For those of you who are not familiar with how the software/games localization chain works, here’s a simple guide to the process:
- Source language content (user interface, dialogues, manuals, etc) is translated
- Translations are implemented into the software
- The software is tested by the linguistic testers (LQA)
- If required, the translations are amended
It’s no secret that translators often work with no visual references. While they have context information, samples and character limits, they can’t see the final product during the translation process. That’s why an LQA check is essential. It helps to avoid text truncations, out of context translations and it can also improve the quality of translated content. It allows elements to be added that the translation team couldn’t produce without sight of the final product, and which help the user understand what they have to do or the purpose of a particular function.
Changes are not always made directly by the testers or applied automatically by the translators. A bug can often lead to some interesting linguistic discussions between the two teams. An issue might be bounced back and forth, with quotes from encyclopaedias, books, articles, etc, until a solution is found and agreed by all.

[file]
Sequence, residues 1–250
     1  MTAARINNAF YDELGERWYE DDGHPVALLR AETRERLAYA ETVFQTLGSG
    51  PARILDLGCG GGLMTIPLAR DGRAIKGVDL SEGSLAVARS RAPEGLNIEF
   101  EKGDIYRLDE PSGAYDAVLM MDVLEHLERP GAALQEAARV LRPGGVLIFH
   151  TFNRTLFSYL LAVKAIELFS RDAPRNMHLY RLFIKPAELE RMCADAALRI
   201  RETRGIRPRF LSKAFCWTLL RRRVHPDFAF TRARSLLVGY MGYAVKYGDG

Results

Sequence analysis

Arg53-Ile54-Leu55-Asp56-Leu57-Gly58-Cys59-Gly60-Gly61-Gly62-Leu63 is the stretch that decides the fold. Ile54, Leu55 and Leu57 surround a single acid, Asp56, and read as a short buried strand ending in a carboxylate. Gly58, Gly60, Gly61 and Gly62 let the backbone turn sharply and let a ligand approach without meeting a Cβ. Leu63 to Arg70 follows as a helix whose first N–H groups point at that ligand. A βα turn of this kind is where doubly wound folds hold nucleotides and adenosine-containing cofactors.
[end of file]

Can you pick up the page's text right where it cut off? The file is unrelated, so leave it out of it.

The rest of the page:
Translators and testers are also artists themselves, whose aim is to maintain the original creativity of the translation, while keeping an eye on fluency and the needs of the target audience (in the same way as painters, sculptors, writers and musicians also consider their audience).
And not all artists are happy when someone asks them to change what they’ve created. The first rule in this relationship is therefore: respect the opinions of others (the second is: “always communicate clearly, so that the tester can immediately understand the issue raised about a bug in a sea of other bugs”).
When asking colleagues to make improvements, it’s essential to be polite, engage positively in any discussions and remember that the main aim is to ensure that customers enjoy the game, use it as intended and that they understand the instructions .
As the title of this post states, it’s a complicated relationship, but it’s one that ensures products are properly localized and allows people to forget they’re enjoying translated material.